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Questions related to computability theory, a.k.a. recursion theory

3
votes
This answer gives us a hint, namely that an interpreter for a language more powerful than primitive recursion, is itself not primitive recursive. For example, System F has no self-interpreter, and thu …
answered Jul 20 '17 by jmite
3
votes
Absolutely not. In fact, these are most useful when $B$ is undecidable. Diagonalization was used to show the Halting problem undecidable, but most other problems were shown to be undecidable through …
answered Aug 25 '16 by jmite
2
votes
What these slides are describing is an algorithm (Turing Machine), which looks at a DFA and asks "does this DFA accept the empty language?" So the diagrams in the slides are correct. If there is no p …
answered Jan 8 '16 by jmite
2
votes
The problem is, you haven't defined a language. You have defined a function that returns a language. What you call $S$ is really $S(M)$, for some Turing Machine $M$. What is undecidable is the functi …
answered Jul 10 '13 by jmite
1
vote
Reversal Bounded Counter Automata have decidable equivalence. They're a fascinating class, because augmenting them in any obvious way makes one of their main properties (equivalence, emptiness, etc.) …
answered Jul 17 '19 by jmite
2
votes
For recursive languages, membership is decidable by definition, so most undecidable questions with regards to them will involve quantifiers. It's decidable to check if there's a given input is accepte …
answered Oct 25 '17 by jmite
1
vote
In the general case, this is undecidable, and it turns out the answer has nothing to do with being rational or irrational. Consider a Turing Machine with state set $Q$ with a single halting state $H$. …
answered Feb 15 '21 by jmite
17
votes
Yes, every undecidable (not semi-decidable) language has this property. For example, consider the set $L = \{(x,M) \mid M \text{ does not halt on input } x \}$. Suppose we have an algorithm that can …
answered Sep 22 '17 by jmite
15
votes
The key is quantifiers, both in the theorem, and in the "mathematical statements." First, the theorem says that "there is no algorithm that can take in an arbitrary mathematical statement and prove if …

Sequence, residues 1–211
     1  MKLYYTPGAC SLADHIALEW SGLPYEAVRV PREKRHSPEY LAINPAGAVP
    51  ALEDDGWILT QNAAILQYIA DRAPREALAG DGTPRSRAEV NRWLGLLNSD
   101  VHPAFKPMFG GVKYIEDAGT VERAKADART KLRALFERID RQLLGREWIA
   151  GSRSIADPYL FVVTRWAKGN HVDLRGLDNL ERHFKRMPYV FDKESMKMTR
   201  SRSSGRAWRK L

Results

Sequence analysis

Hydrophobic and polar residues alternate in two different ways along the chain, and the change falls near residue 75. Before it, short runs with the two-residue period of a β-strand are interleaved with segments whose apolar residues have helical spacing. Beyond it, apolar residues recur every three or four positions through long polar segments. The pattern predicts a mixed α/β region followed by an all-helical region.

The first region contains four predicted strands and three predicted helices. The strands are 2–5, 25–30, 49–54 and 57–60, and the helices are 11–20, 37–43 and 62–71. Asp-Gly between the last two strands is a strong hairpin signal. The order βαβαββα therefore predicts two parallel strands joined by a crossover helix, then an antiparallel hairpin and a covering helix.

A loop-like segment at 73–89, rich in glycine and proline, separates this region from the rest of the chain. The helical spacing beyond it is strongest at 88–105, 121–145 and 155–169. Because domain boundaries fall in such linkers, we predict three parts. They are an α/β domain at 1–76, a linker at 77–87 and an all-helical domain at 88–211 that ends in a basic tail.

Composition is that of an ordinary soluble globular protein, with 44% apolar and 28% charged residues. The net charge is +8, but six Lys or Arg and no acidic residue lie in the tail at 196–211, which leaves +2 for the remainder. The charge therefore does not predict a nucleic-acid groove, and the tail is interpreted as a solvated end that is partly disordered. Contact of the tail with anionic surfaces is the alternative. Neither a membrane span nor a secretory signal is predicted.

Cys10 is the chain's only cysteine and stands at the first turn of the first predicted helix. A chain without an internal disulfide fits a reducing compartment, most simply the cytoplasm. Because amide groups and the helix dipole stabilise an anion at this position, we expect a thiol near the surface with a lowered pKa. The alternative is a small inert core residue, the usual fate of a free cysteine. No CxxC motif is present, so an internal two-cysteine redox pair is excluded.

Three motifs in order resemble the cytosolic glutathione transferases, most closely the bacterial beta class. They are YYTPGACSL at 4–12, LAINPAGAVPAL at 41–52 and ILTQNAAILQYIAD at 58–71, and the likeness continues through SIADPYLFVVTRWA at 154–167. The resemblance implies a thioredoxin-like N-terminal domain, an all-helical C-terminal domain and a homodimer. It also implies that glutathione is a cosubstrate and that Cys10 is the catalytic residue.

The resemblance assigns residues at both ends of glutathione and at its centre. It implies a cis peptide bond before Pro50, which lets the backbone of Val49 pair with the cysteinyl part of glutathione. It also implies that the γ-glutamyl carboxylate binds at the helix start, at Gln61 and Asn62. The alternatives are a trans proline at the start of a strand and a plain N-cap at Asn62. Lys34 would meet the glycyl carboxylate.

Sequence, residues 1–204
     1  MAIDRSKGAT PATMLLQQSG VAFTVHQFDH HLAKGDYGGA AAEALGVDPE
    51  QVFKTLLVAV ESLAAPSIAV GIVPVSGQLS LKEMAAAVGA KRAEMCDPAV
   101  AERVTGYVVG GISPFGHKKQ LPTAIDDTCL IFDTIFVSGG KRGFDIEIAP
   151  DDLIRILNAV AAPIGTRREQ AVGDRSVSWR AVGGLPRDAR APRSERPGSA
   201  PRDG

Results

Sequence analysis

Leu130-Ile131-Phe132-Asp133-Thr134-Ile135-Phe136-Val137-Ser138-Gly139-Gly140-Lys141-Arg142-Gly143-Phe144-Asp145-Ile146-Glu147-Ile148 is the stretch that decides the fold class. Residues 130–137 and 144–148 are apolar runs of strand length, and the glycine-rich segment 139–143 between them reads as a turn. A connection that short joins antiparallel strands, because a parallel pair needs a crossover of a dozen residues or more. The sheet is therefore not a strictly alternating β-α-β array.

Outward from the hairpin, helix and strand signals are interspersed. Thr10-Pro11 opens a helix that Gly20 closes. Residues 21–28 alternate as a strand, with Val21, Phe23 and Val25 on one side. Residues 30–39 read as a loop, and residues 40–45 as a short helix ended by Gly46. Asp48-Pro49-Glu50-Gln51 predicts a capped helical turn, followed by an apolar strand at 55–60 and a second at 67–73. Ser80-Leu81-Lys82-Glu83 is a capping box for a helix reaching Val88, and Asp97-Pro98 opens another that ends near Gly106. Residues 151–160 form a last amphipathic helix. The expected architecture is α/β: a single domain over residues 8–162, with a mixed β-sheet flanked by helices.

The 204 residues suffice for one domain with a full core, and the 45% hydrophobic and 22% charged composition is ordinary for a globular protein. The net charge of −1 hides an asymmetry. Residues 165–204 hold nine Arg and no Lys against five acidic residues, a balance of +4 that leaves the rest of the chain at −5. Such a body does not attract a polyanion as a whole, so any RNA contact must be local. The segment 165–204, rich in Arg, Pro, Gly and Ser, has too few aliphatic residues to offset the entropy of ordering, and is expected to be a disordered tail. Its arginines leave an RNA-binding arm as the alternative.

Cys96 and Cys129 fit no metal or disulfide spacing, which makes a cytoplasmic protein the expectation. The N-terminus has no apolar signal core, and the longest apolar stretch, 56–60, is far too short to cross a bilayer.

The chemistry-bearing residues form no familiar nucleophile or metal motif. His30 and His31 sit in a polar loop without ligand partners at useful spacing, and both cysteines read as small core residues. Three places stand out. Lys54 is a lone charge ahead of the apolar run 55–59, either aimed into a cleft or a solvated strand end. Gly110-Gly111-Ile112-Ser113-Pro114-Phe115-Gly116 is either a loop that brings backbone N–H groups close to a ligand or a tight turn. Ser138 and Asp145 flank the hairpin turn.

answered Feb 10 '21 by jmite
233
votes
Because a lot of really practical problems are the halting problem in disguise. A solution to them solves the halting problem. You want a compiler that finds the fastest possible machine code for a g …
answered Nov 8 '14 by jmite
57
votes
It all comes from undecidability of the halting problem. Suppose we have a "perfect" dead code function, some Turing Machine M, and some input string x, and a procedure that looks something like this: …
answered Nov 10 '15 by jmite
2
votes
It is absolutely theoretically justified. First realize that a loop is just a form of recursion: do the loop body, then either stop or do the loop body again with different variable values. System …
answered May 22 '16 by jmite
0
votes
For me, the easiest way to think of it is this: You're asking yourself "out of a bunch of candidates in a set $X$, do any of them fulfill the property $P$"? Decidable/recursive means that you only n …
answered May 8 '14 by jmite
2
votes
You've stumbled across the difference between isorecursive and equirecursive types. Equi-recursive types say "types are (possibly) infinite trees, and a recursive type is the solution to a recursive …
answered Aug 30 '19 by jmite
2
votes
Your instructor is right, and this seems like an odd choice. $O(\infty)$ arises usually as a way to say "this algorithm may never terminate, it's awful, let's never use it." Big-O and Running Time …
answered Apr 27 '16 by jmite

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